Bharavi, author of the Kiratarjuniya, one of the five major mahakavyas in Sanskrit, has been generally assigned by the scholars to the middle of the 6th century AD. First mentioned along with Kalidasa in the Aihole inscription of the Chalukya king, Pulekesin II, dated 634 AD, Bharavi is famous for the brevity and depth of his style (arthagaurava). According to popular traditions, he earned the sobriquet Chhattva Bharavi because of the poetic fancy conceiving the flower dust flown up by the wind to form a golden umbrella. His Kratarjuniya, an epic in 18 cantos, describes the circumstances that led to Arjuna's penance, his actual penance and his obtaining weapons from Lord Shiva. Valour is the main rasa. Professor A. B. Keith, while commenting upon the book, wrote, "There is no doubt of the power of Bharavi in description; his style at its best has a calm dignity which is certainly attractive, while he excels also in the observation and record of the beauties of nature and maidens."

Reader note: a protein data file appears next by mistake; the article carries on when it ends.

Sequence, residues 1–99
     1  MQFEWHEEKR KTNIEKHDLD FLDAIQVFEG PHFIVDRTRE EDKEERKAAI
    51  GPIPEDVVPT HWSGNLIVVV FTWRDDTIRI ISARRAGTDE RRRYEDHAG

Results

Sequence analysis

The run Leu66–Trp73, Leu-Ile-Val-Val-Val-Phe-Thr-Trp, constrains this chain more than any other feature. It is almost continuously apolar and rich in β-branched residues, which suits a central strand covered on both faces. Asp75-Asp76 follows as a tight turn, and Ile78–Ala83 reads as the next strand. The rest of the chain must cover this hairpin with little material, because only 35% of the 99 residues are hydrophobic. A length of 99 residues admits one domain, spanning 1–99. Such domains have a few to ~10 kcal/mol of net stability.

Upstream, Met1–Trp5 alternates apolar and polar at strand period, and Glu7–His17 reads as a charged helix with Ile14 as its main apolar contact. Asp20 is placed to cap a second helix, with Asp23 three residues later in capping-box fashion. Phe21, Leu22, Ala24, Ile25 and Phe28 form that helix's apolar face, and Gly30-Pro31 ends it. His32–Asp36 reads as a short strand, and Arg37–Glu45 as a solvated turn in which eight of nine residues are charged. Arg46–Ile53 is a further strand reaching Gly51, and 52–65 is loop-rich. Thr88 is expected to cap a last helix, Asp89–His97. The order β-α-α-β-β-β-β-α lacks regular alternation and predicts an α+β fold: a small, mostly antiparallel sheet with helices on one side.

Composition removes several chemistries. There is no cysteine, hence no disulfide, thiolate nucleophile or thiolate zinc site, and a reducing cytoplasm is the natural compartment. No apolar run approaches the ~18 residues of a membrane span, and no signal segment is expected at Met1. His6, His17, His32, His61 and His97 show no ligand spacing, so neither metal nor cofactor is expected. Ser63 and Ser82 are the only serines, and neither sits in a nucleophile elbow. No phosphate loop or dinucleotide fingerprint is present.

Professor Mrinal Kanti Gangopadhyay, a distinguished cholar in Sanskrit, in this monograph has made a comparative study of all the available commentains on Bharavi and also presented his own views highlighting the positive achievements of Bharavi as objectively as possible.
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